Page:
Minimizing Dress Codes – Is There A “New Formal”?
Written by: Kuki
Cruise ships in fact may have been one of the latest holdouts in this movement; holding onto much more traditional dress codes onboard, including Formal dress on at least 2 nights during a 7 day cruise. But during the past decade each year has brought more changes, and less restrictions, on how the cruise lines are asking their passengers to dress.
It’s telling that even luxury lines like Regent and Seabourn, which one might expect to be bastions of “traditional” cruise wear, including tuxedos and gowns, have moved to “elegant casual” or “formal optional” for suggested dress codes. Crystal seems to the luxe cruising bastion of set designated Formal Nights, where you’re still likely to see a large share of men wearing tuxedos.
When Norwegian Cruise Line introduced “Freestyle Cruising”, it moved to almost a “dress as you please” structure as well, with the exclusion of shorts in the dining room. And as other lines followed NCL’s lead introducing more versions of “anytime dining”, they also began to introduce less restrictive dress codes. Where there used to be two “Formal Nights” on every seven night cruise, some lines now have only one night designated as “Formal”, and Carnival Cruise Line has even changed the language to designate “Elegant Night”.
Even on lines which still cling to the “Formal Night” one shouldn’t expect to see many men in Tuxedos or ladies in long flowing gowns. On the contemporary cruise lines the fanciest one can realistically expect to see on the majority of male guests wear is suits for the men, and cocktail wear on the ladies. In fact, on many sailings you shouldn’t be surprised if you see at least 50 % of the men not even wearing suits.
My first thoughts, when thinking about this for the Blog, was that it was the cruise lines adapting to the wishes of their passengers. Shortly after the move to more casual dress on cruise ships took place, the airlines began charging all sorts of baggage fees, and weight restrictions, with more fees for overweight and extra pieces of luggage. This gave the passengers who preferred to dress more casually a great excuse as well.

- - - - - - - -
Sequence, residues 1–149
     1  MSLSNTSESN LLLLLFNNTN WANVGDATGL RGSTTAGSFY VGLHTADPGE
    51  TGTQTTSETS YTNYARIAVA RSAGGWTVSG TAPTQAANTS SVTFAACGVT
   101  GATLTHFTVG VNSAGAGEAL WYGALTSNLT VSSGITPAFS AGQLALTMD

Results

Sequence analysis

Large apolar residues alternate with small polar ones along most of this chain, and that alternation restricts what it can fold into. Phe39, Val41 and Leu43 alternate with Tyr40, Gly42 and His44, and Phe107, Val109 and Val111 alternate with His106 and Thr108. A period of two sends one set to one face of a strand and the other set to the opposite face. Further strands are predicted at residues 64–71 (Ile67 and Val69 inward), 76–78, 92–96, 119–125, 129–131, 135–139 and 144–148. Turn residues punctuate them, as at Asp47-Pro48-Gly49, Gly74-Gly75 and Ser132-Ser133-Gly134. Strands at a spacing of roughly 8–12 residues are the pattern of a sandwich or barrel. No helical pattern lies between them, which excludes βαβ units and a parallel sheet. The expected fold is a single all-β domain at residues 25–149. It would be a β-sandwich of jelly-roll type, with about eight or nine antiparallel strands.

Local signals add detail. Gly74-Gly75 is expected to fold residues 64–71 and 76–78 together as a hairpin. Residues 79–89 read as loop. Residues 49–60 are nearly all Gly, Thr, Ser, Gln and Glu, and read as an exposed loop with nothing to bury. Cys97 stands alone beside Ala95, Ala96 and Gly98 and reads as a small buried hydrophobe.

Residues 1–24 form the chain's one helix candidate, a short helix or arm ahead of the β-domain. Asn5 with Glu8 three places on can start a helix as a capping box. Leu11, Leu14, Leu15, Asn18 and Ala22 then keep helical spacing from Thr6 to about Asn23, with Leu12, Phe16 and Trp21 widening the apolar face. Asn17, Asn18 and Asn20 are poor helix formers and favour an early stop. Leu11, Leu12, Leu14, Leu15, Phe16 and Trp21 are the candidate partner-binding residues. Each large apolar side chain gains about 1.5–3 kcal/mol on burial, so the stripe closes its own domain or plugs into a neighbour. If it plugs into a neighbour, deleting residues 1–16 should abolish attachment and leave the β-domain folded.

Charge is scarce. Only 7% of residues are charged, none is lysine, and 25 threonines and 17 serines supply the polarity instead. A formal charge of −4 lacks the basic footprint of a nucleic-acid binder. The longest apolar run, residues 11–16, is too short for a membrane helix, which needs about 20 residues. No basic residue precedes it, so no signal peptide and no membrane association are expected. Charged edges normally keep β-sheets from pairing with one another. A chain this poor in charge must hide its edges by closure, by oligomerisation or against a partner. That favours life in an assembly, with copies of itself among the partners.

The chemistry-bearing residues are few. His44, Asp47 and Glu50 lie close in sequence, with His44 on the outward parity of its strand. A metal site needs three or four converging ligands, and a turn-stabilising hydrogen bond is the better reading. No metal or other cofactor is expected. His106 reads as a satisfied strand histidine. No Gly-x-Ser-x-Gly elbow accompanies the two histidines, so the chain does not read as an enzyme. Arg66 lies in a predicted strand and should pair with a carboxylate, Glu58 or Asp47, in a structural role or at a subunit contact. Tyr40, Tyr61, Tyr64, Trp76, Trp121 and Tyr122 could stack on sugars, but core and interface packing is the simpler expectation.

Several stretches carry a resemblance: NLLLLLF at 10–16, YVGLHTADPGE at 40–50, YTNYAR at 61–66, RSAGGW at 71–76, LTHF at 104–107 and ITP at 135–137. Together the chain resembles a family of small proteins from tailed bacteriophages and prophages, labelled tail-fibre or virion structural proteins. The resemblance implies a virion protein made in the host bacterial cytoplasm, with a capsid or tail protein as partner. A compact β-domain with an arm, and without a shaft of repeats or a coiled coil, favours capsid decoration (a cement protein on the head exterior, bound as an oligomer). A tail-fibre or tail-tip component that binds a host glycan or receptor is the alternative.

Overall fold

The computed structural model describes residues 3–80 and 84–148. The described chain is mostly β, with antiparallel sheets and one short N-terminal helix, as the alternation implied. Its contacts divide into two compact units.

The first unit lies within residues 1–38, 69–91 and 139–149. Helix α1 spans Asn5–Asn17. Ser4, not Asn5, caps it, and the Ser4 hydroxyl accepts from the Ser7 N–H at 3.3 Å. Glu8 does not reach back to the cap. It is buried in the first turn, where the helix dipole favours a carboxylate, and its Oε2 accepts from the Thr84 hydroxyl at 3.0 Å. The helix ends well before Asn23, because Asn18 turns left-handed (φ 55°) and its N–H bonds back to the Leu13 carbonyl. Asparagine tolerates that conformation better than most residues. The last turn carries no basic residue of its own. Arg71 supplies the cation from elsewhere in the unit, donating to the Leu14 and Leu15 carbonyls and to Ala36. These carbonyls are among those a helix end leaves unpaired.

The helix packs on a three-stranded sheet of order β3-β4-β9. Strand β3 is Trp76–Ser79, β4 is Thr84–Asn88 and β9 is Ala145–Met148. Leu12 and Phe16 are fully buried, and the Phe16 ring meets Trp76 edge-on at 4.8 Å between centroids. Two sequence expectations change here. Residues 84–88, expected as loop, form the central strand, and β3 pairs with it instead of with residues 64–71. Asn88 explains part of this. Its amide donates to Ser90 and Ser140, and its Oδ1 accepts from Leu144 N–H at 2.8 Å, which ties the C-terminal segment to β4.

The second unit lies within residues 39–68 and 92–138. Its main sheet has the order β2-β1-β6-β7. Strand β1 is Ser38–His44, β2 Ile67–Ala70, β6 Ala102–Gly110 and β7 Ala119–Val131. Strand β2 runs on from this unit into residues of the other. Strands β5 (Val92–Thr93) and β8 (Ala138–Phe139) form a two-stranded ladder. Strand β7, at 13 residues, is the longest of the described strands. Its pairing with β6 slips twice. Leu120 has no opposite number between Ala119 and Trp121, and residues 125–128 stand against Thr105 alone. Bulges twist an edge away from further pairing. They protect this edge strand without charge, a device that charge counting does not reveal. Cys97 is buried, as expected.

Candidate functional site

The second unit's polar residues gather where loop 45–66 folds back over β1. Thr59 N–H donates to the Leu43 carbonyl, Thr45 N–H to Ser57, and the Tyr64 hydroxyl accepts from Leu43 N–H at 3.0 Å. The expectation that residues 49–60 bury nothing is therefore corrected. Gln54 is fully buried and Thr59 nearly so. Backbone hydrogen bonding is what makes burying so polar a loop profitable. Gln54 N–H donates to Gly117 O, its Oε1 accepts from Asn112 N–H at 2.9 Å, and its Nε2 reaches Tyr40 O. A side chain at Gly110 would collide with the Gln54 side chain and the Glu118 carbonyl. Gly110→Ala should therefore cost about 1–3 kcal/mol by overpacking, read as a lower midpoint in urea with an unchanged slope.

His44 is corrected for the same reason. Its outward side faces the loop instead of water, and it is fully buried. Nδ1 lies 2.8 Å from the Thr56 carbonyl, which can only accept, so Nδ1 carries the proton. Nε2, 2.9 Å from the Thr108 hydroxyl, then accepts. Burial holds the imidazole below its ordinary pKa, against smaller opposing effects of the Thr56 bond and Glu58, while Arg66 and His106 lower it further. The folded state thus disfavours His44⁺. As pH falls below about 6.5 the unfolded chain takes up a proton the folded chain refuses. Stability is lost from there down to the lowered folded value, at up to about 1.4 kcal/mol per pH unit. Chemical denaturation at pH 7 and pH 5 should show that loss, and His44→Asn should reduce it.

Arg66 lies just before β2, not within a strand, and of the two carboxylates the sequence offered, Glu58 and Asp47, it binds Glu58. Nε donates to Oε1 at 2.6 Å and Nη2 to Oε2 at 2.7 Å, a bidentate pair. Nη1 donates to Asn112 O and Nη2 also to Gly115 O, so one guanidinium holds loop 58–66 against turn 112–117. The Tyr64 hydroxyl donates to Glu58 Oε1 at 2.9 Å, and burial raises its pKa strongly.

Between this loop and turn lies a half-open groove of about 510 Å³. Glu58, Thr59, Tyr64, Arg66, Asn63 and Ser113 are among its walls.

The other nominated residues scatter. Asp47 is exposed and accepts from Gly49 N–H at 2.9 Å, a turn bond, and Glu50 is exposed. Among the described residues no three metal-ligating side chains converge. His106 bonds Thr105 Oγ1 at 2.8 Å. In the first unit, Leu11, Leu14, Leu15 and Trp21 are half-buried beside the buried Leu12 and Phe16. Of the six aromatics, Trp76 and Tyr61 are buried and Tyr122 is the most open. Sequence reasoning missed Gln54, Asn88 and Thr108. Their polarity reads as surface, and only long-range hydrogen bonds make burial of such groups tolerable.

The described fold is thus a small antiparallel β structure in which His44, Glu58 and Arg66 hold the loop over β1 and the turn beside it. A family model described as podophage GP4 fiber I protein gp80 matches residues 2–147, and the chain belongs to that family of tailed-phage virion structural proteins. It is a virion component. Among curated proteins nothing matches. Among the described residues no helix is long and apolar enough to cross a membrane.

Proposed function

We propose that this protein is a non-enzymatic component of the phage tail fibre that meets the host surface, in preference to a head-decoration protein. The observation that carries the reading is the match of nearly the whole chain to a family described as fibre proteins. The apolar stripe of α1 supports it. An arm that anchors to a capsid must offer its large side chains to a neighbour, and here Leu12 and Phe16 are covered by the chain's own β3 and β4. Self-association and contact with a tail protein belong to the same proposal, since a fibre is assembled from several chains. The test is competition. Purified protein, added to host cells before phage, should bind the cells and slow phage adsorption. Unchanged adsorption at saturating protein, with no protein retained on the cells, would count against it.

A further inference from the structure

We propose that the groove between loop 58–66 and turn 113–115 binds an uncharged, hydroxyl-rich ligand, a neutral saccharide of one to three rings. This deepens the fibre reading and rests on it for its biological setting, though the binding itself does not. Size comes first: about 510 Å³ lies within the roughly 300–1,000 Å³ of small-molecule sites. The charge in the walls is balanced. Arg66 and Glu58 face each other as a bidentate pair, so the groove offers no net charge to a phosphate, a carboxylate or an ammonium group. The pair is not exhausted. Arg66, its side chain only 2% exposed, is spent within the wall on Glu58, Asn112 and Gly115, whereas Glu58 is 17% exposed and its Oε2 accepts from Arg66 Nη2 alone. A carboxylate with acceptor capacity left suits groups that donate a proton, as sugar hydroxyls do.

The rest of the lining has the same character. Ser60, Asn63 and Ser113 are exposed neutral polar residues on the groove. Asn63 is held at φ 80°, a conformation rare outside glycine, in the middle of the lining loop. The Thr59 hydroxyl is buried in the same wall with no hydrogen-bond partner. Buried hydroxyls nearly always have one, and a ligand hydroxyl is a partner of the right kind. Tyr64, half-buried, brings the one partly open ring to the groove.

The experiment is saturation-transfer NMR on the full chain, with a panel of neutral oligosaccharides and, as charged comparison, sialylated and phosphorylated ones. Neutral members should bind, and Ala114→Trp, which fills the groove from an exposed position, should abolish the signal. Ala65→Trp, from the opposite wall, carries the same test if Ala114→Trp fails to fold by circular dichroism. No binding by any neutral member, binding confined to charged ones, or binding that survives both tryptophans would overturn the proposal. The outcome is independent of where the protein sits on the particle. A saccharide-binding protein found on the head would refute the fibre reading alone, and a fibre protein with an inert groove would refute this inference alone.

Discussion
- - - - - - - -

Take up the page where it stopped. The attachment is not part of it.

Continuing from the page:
The fact of the matter, when it comes to suggested dress codes, is even when the cruise lines intended “Formal Nights” to mean formal dress, very few attempted to enforce their dress code policies, by turning passengers away at the doors to the dining room if they weren’t dressed appropriately.
Now that the suggested dress codes have become less restrictive, that reluctance to enforce even the new minimum levels continues. And that reluctance on behalf of the cruise lines serves to aggravate passengers, just as it did when finer dress was the rule.
I think it just plain “pisses people off” when a business (or any entity, and even their government) makes inconsistent judgments on which of their own written rules to enforce, and which rules they should ignore. It’s possible the backlash results in people following their example, and themselves choosing which rules to respect and which to ignore.
I asked our CruiseMates readers if they thought the definition of Formal Night was changing, and what they would prefer in reference to keeping or doing away with “Formal Nights” entirely. Interestingly, and somewhat surprisingly, the majority said they would prefer there still be at least one formal night during a seven day cruise. I suppose they still want to give a bit of a nod to the tradition of getting decked out in finery while cruising.
But they also noted that whatever dress code a cruise line puts in place, they would very much prefer it be enforced. It’s a complaint that was common when cruise information web sites first hit the Internet more than a decade ago, and even as dress codes have become more minimal, the complaint seems to still be prevalent and relevant. One would think after a decade, the cruise lines might listen.
Wonder why the cruise lines can’t just “act like adults” and quit printing a suggested dress at all? Or just print an absolute minimum of what is acceptable dress in their dining rooms?… and actually stick to it; rather then just ease it further the next time they print their brochures.
Do you even care what the people around you in the Dining Room are wearing? Do you want to see the designated Formal Night continue? Do you plan to wear whatever you like on your next cruise? Would you like to see the end of strings about dress codes on ships?
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Posted: February 1st, 2011 under Kuki.